This effectively eliminates zig-zagging.

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Quote:
Original post by HumanoidTyphoon
I have been trying to find any information on Navmesh creation, and can't find any!!!! =( Do you have any links I can look at for the steps of creating and using one? What did you look at to learn enuf to get this far? Its like a secret =( Everyone talks about how navigation in wide open areas has a solution through navmesh and there is no longer an excuse for implementing poor path finding in large areas, however there is practically nothing on the net indicating how a person would create, implement, and use it =\


Check out AI Game Programming Wisdom 2 and 3. Several good articles in there. Then do a search for the articles they cite and articles that cite them.

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I first approached navmesh w/ game programming gems 1.(book)

It had many articles on it regarding pathfinding and navmesh.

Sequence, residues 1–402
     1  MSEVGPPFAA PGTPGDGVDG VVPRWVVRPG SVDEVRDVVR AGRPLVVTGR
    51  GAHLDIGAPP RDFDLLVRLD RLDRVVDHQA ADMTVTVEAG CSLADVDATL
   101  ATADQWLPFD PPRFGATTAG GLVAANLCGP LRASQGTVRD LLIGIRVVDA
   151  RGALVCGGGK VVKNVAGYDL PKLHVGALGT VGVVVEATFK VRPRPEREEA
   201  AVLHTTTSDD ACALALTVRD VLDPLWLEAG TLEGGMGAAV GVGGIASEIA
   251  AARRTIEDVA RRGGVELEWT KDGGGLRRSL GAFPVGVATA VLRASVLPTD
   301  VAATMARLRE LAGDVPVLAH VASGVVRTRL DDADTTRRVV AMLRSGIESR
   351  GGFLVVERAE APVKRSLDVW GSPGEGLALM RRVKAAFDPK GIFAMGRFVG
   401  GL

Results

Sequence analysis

I don't know much on actually generating low level data for building navmesh cuz most of the time it was given in the form which I can extend to building navmesh.

ex) 2d suqare grid map or map data consisting of triangles(primitive) made from 3dmax.

So all I had to do was find some sort of a rule to make nodes out of em and store linkage(neighboring means can travel to) those nodes which finally would give me the navmesh.

I know this is not much of an explanation but I'm sure u would find it easier to read through the books suggested.

I think there are some ref pages on this site that gives good info on the whole pathfinding and navmesh. (Resource page, I suggest u check that out as well.)

Hope it helped!